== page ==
As part of its sponsorship program, the FMJH receives the support of Microsoft Research to promote progress in an emerging field: formalized mathematics. The FMJH is thus able to finance a one-year post-doc starting September 1st, 2022 (possibly negotiable) who will be assigned to the Laboratoire de Mathématiques d'Orsay with Patrick Massot as scientific contact. The annual net salary before taxes will be about 28 900 euros. The subject is described in detail below.
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Formalized mathematics aims to extend the mathematical toolbox through the use of softwares called proof assistants that can read and check definitions, statements and proofs. The software we will use for this project is Lean by Leonardo de Moura from Microsoft Research. The text Why formalize mathematics? by Massot and Buzzard’s ICM paper discuss some motivations for formalized mathematics and give general background. The Lean community website contains a lot of information that is more specific to Lean.
Although formalized mathematics has a long and rich history interleaved with the area of program verification, the last four years have seen a noticeable surge of activity specifically directed towards pure mathematics. Those activities had a lot of targets trying to check, explain, teach and create mathematics. All those targets are in scope for this post-doc project, but we have two main focuses:
Elementary mathematics and teaching. There are a couple of related goals here. The main one is of course to finish formalizing a standard undergrad curriculum in mathlib, Lean’s mathematics library (see mathlib’s undergrad to do list in particular). This part involves all the usual challenges of formalized mathematics, including finding the right level of abstraction, finding the most convenient encoding in dependent type theory, leveraging the implicit information inference mechanisms of Lean, and making sure that newly added topics interact smoothly with the existing ones. There is also interesting work to do in order to make it easier to use mathlib as a backend to build more specialized libraries using more elementary definitions (for instance basing real analysis on ε’s rather than Bourbaki’s theory of filters). More generally, we still need a lot of thinking to build more teaching material that is easy to use for students focussing on using a proof assistant to learn traditional mathematics rather than becoming expert users of a proof assistant. This aspect will probably involve talking to researchers in education science (interested researchers exist at least in Paris, London and Toronto).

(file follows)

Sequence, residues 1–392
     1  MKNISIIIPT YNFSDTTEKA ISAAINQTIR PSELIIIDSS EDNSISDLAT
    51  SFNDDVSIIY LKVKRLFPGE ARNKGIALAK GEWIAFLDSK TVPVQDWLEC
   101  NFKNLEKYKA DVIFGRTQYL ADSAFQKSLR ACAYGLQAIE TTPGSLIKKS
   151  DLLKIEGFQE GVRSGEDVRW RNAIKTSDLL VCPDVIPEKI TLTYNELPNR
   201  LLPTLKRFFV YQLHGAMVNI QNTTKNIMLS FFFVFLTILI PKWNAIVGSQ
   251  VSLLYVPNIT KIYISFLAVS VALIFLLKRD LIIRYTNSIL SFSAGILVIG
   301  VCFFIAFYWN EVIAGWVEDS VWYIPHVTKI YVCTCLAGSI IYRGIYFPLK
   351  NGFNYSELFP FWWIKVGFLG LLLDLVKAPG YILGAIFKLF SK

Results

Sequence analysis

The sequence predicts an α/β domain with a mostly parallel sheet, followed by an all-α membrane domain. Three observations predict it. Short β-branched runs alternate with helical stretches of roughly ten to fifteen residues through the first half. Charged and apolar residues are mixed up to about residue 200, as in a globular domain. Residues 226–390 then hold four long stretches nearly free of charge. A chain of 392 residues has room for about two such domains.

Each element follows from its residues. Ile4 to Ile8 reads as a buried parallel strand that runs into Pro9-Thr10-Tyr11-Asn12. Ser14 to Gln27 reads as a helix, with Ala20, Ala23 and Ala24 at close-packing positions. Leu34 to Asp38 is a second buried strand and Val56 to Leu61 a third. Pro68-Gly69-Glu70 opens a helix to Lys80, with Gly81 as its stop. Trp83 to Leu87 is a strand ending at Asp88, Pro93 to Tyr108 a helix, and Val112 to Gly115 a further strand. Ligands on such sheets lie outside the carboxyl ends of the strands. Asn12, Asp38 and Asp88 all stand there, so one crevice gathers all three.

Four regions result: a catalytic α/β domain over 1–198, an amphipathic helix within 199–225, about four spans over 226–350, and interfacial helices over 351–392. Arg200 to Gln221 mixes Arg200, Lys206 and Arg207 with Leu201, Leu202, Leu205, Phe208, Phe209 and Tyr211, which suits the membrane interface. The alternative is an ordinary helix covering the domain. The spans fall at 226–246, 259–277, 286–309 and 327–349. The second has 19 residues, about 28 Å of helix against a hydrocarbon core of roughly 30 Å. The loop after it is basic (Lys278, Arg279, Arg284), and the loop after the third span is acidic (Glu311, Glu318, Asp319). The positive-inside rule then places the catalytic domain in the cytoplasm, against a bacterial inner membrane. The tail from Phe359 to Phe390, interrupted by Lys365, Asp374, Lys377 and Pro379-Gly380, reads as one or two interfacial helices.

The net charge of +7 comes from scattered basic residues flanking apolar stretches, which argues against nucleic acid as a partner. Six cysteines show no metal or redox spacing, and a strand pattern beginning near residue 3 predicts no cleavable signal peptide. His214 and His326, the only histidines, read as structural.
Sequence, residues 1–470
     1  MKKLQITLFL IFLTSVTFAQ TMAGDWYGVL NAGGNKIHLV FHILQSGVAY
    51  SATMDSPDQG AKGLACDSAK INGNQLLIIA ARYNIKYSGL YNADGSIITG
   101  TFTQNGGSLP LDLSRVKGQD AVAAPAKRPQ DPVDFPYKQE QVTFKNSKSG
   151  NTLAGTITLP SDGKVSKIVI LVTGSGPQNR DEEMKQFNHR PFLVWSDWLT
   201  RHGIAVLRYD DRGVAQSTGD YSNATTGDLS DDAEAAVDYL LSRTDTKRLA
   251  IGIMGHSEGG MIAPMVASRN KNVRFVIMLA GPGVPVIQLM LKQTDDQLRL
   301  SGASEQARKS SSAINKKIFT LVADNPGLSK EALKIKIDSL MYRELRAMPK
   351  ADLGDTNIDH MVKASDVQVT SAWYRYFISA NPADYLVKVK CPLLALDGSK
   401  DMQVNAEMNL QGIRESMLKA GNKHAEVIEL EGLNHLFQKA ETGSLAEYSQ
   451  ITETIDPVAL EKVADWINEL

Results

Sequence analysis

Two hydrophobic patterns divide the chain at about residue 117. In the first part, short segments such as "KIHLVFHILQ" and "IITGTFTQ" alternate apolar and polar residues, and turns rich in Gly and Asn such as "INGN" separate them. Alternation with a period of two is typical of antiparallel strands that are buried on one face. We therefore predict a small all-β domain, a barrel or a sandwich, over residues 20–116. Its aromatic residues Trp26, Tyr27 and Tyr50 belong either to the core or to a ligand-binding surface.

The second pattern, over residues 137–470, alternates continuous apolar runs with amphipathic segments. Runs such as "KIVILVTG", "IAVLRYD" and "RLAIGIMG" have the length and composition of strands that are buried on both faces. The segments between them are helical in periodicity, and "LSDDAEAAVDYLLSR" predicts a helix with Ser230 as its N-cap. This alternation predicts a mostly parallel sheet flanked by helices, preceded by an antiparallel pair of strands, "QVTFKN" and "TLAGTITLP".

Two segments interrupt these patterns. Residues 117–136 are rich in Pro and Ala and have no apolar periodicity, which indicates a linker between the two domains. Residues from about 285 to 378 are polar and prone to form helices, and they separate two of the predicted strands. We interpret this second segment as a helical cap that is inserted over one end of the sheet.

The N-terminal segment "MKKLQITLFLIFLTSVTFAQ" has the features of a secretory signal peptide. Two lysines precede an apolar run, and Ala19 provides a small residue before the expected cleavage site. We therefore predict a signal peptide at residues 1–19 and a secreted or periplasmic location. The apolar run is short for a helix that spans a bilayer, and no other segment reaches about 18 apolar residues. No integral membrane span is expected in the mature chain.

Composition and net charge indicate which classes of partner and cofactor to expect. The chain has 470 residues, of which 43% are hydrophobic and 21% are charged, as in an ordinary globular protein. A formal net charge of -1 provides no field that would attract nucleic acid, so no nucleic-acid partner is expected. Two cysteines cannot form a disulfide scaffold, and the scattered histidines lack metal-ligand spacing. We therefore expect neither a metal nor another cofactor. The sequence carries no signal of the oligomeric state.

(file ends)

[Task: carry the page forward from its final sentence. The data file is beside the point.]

Lean for communicating mathematics. The goal here is to use Lean to create interactive mathematical documents where readers choose the level of detail, all the way from an informal sketch to axioms, with smooth transitions. This part involves meta-programming in Lean 4, the new version of Lean that we are currently migrating to. It will probably build on the work of Bülow on LeanInk. A first step would be to improve the output of LeanInk to also give access to more information that is implicit on paper or in the code we type but is inferred by Lean from the context. This information is somewhat accessible in Lean 3 but the process is cumbersome and the output can be really difficult to read. A more ambitious goal would be to give access to all this information in mostly natural language, without requiring knowledge of Lean. Designing a nice user interface is part of the challenge.
The balance between those two main focusses will of course depend on the interest and skills of the post-doc. Formalization experience, either with Lean or with another proof assistant, is of course very welcome. But applications by highly motivated mathematicians having shown clear computer skills will also be considered.
The mathematics department in Orsay is a great place to work at, and is also surrounded with lots of other great places that are easily accessible, including the computer science department and its Formal methods lab, the IHES and the whole Paris area.